Hostname: page-component-77c89778f8-gvh9x Total loading time: 0 Render date: 2024-07-24T23:58:27.907Z Has data issue: false hasContentIssue false

Effects of temperature on development and seasonality of Eudocima salaminia (Lepidoptera: Noctuidae) in eastern Australia

Published online by Cambridge University Press:  10 July 2009

D. P. A. Sands*
CSIRO Division of Entomology, Indooroopilly, Australia
M. Schotz
CSIRO Division of Entomology, Indooroopilly, Australia
A. S. Bourne
CSIRO Institute of Plant Protection and Processing Biometrics Unit, Indooroopilly, Australia
CSIRO Division of Entomology, Private Bag No 3, Indooroopilly, Queensland 4068, Australia.


The durations for development for immature stages of the fruit piercing moth, Eudocima salaminia (Cramer), were determined at constant temperatures ranging from 15°C to 27°C and at ambient temperatures at a field site in southeastern Queensland over a 16 month period. At constant temperatures average heat requirements for: 50% eclosion of eggs were 62.4 day-degrees above 11°C, development of larvae to pupation were 246 day-degrees above 12°C, development of pupae to eclosion were 233 day-degrees above 12°C. For each stage there was no difference between day-degrees calculated at constant temperatures or at those in the field indicating no diapause in the immature stages. For adults, temperatures below 16°C during the activity period after dusk prevented feeding, mating and oviposition. Failure of E. salaminia to overwinter in south-eastern Australia in most years, was explained by the effects of low temperatures on egg hatch, larval, pupal and adult survival, reduced adult feeding, mating and cessation of oviposition.

Research Paper
Copyright © Cambridge University Press 1991

Access options

Get access to the full version of this content by using one of the access options below. (Log in options will check for institutional or personal access. Content may require purchase if you do not have access.)


Baptist, B.A. (1944) The fruit-piercing moth (Othreis fullonia L.) with special reference to its economic importance. Indian Journal of Entomology 6, 113.Google Scholar
Bänziger, H. (1982) Fruit piercing moths (Lep., Noctuidae) in Thailand: a general survey and some new perspectives. Mitteilungen der Schweizerischen entomologischen Gesellschaft 55, 213240.Google Scholar
Dallwitz, M.J. & Higgins, J.P. (1978) User's guide to DEVAR. A computer program for estimating development rate as a function of temperature. CSIRO, Australia. Division of Entomology Report No 2.Google Scholar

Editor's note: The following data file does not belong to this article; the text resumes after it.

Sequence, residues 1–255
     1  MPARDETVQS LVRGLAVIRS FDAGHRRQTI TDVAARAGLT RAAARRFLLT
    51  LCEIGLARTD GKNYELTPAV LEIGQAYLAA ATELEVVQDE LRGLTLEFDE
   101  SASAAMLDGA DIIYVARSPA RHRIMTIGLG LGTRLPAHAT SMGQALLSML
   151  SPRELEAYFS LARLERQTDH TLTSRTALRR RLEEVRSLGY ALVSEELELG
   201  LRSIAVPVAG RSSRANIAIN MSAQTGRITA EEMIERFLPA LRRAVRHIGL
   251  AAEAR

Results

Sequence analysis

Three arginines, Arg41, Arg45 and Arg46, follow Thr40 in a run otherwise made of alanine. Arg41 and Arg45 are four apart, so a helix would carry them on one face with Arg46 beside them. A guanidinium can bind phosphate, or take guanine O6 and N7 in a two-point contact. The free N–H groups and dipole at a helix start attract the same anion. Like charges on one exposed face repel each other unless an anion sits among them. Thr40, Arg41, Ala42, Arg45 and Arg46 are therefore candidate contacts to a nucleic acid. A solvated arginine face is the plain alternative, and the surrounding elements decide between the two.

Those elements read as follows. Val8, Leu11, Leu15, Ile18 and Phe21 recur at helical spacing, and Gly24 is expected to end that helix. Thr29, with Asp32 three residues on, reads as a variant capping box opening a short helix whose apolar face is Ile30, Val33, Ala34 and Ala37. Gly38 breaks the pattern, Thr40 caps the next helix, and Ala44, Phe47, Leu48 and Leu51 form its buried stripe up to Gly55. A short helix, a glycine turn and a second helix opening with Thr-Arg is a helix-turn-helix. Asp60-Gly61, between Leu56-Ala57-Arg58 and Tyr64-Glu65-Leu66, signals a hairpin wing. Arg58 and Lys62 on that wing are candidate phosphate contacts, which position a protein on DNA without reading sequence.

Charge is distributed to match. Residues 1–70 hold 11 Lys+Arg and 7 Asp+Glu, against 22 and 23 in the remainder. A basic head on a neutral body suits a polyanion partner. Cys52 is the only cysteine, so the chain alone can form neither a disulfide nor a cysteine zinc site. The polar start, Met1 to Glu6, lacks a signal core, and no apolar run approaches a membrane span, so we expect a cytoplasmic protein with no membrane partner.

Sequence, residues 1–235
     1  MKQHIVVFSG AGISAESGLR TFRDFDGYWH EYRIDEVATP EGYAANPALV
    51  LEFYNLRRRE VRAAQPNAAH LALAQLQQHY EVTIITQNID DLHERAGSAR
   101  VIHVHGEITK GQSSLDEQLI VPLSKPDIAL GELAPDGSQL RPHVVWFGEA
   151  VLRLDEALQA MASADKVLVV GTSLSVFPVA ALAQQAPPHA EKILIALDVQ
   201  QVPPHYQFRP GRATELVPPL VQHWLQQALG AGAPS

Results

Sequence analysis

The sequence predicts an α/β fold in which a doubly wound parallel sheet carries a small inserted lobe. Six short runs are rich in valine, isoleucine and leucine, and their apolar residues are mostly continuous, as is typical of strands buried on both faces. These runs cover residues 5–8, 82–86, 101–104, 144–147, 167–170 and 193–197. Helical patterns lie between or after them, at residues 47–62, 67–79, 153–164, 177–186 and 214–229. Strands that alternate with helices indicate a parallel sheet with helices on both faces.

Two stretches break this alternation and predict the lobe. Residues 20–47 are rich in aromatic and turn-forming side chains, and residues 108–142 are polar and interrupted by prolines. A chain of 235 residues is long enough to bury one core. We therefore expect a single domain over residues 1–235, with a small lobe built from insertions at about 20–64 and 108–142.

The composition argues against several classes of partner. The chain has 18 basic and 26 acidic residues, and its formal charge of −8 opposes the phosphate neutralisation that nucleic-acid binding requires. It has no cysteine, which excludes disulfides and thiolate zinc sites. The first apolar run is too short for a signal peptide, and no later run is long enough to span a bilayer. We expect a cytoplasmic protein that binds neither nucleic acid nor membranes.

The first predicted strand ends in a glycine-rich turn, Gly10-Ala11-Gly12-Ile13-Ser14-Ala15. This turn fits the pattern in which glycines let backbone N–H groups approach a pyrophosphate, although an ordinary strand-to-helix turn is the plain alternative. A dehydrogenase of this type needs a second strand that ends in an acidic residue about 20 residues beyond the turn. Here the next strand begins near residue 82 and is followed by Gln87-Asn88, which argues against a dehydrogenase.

Fay, H.A.C. (1987) Fruit-piercing moth. Newsletter of the Rare Fruits Council of Australia Incorporated 42, 1719.Google Scholar
Holloway, J.D. (1979) A survey of the Lepidoptera, biogeography and ecology of New Caledonia. 588 pp. The Hague, Junk.Google Scholar
Kumar, K & Lal, S.N. (1983) Studies on the biology, seasonal abundance and host-parasite relationships of fruit sucking moth Othreis fullonia (Clerck) in Fiji. Fiji Agricultural Journal 46, 7177.Google Scholar
Moore, F. (1881) VI. On the genera and species of the lepidopterous subfamily Ophiderinae inhabiting the Indian region. Transactions of the Zoological Society of London 11, 6375.CrossRefGoogle Scholar
Moss-Robinson, I. (1968) Fruit-sucking moths (Lepidoptera: Noctuidae). Australian Zoologist 14, 290293.Google Scholar
Sands, D.P.A. (1990) Plant/insect interactions – food webs and breeding systems, pp. 8897in Webb, L.J. & Kikkawa, J. (Eds) Australian tropical rainforests: science – values – meaning. Melbourne, CSIRO.Google Scholar
Sands, D.P.A. & Broe, R. (in press) Prospects for biological control of the fruit piercing moth, Othreis fullonia (Clerck) (Lepidoptera: Noctuidae). Proceedings of the Agricultural Development in the American Pacific, Crop Protection Conference, Honolulu, Hawaii 18–19 May 1989.Google Scholar
Sands, D.P. A. & Schotz, M. (1989) Advances in research on fruit piercing moths of subtropical Australia, pp. 378383in, Battan, D. (Ed.) Proceedings of the 4th. Australasian Conference Tree and Nut Crops, Lismore NSW, Australia 14–20 August 1988. Exotic fruit growers Association, Lismore, NSW.Google Scholar
Wilson, A.G.L., Lewis, T. & Cunningham, R.B. (1979) Overwintering and spring emergence of Heliothis armigera (Hübner) (Lepidoptera: Noctuidae) in the Namoi Valley, New South Wales. Bulletin of Entomological Research 69, 97109.CrossRefGoogle Scholar